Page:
In Iowa, Democrats campaign despite holidays

An unwelcome avalanche of speeches, calls, TV ads

December 25, 2003|By Jeff Zeleny and John McCormick | Jeff Zeleny and John McCormick,CHICAGO TRIBUNE.

COUNCIL BLUFFS, Iowa - There will be some extra visitors, perhaps unwelcome ones, hovering in the homes of Iowans during this holiday season.

Whether on television, in daily telephone calls or in an endless string of literature that has deluged Democrats for months, the party's presidential candidates are barely slowing their campaign operations over Christmas and New Year's.

The arrival of the holidays doesn't change the fact that the Iowa caucuses are only 25 days away, the first critical stop in the 2004 presidential race.

Why else would Sen. John Kerry of Massachusetts plan to ring in the New Year at the community theater in Sioux City?

Each of the leading presidential hopefuls plans to spend several days in Iowa before year's end, underscoring the importance and intensity of the Jan. 19 caucuses. But the Christmastime campaigning has touched a nerve with some Iowans.

"There is a time to call it off and let families enjoy one another," said Kay Harms, a retired teacher from Waukee. "We're inundated with campaigning the rest of the year. Enough is enough."

The holidays, though, can be a fruitful time for candidates to reach undecided voters. And the season provides a bridge to an intense January campaign when candidates will again try to slow the surge of former Vermont Gov. Howard Dean.

It was the day after Christmas in 1987 when a television commercial opposing free-trade agreements jump-started the presidential candidacy of Rep. Richard A. Gephardt of Missouri, who 16 years later is Dean's chief rival in Iowa. At the time, Gephardt's ad was the only one on the air, and weeks later, he won the caucuses.

This year, with nine Democrats fighting for the nomination, Iowans have been barraged with a record $4 million worth of television spots that began over the summer and have continued during the holidays.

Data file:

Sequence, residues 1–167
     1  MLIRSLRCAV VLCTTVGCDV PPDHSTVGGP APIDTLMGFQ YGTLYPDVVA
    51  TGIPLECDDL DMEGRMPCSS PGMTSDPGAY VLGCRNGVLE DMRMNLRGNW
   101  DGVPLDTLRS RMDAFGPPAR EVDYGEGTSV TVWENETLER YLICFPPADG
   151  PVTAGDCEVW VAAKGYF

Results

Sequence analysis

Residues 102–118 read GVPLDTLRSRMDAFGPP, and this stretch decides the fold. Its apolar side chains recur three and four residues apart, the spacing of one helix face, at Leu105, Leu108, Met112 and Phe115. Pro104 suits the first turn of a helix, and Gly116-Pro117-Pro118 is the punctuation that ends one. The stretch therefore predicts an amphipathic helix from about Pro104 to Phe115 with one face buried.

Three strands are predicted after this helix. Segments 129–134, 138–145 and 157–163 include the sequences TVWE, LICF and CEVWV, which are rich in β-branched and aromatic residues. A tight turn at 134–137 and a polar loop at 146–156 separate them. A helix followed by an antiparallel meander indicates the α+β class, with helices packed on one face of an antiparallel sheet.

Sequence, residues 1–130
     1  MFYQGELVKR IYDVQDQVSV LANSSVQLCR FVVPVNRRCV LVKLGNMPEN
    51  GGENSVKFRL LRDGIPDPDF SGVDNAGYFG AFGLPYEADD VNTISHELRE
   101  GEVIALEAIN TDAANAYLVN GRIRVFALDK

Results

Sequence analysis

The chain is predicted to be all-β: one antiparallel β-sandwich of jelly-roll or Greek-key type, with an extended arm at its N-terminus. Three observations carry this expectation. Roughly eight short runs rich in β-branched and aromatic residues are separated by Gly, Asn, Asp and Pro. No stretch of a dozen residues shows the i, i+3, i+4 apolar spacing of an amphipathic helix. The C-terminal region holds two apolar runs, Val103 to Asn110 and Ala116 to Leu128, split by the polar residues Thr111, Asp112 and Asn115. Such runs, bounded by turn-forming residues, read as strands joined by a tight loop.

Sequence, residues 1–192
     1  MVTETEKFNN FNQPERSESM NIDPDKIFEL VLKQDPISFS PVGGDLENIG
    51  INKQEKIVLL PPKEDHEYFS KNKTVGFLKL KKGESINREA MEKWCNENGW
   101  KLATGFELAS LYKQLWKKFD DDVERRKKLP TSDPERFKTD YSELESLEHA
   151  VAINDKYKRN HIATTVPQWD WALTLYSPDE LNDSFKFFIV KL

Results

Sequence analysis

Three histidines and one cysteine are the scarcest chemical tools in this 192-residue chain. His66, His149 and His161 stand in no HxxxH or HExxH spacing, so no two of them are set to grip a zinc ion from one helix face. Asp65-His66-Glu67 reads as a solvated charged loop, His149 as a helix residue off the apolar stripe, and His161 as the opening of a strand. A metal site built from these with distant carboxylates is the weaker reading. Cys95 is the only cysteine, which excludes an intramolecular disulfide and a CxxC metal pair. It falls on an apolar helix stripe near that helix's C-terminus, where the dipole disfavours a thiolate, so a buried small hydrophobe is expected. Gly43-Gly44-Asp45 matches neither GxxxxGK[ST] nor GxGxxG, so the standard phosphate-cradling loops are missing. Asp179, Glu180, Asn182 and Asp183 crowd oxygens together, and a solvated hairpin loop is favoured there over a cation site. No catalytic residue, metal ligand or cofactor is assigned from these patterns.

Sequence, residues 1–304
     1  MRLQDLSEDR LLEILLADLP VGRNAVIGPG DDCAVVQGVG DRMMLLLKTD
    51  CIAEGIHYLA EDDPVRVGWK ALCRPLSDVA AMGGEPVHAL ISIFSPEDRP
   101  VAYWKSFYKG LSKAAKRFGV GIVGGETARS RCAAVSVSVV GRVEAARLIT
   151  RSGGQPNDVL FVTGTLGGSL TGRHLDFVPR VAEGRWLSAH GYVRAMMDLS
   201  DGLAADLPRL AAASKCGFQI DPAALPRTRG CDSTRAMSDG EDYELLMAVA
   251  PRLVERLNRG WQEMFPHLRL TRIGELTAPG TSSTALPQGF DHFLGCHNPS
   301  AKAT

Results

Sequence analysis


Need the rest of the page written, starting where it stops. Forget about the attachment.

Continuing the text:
"They don't want to bother people," said Dianne Bystrom, a political scientist at Iowa State University. "But on the other hand, people are at home and watching a lot of television."

In Council Bluffs on Tuesday evening, as Gephardt ended a three-day Iowa swing, the congressman seemed almost apologetic as he greeted an audience of about 75 Democrats in the ballroom of a Travelodge motel.

"I want to begin by wishing all of you Merry Christmas, Happy New Year and happy holidays," said Gephardt, his voice hoarse and scratchy. "I appreciate all of you coming out this close to the holidays. I know you're busy."

Kerry wrapped up a 24-hour Iowa campaign marathon Tuesday, meeting with nurses and factory workers and farmers. Elsewhere, Sen. John Edwards of North Carolina signed copies of his new book, Four Trials, in South Carolina. And Sen. Joseph I. Lieberman of Connecticut worked at a food pantry in New Hampshire, the site of the nation's first primary, Jan. 26.

While Dean planned to spend the holidays in Vermont, some of his aides said they would be preparing for today's arrival in Iowa of up to 500 volunteers to begin an effort to knock on 200,000 doors and reach more than 50,000 voters by phone.

Strategists for several candidates conceded they were afraid to rest during the holidays because they feared that rival candidates could take them by surprise and gain ground on the pool of undecided voters.

The Chicago Tribune is a Tribune Publishing newspaper.

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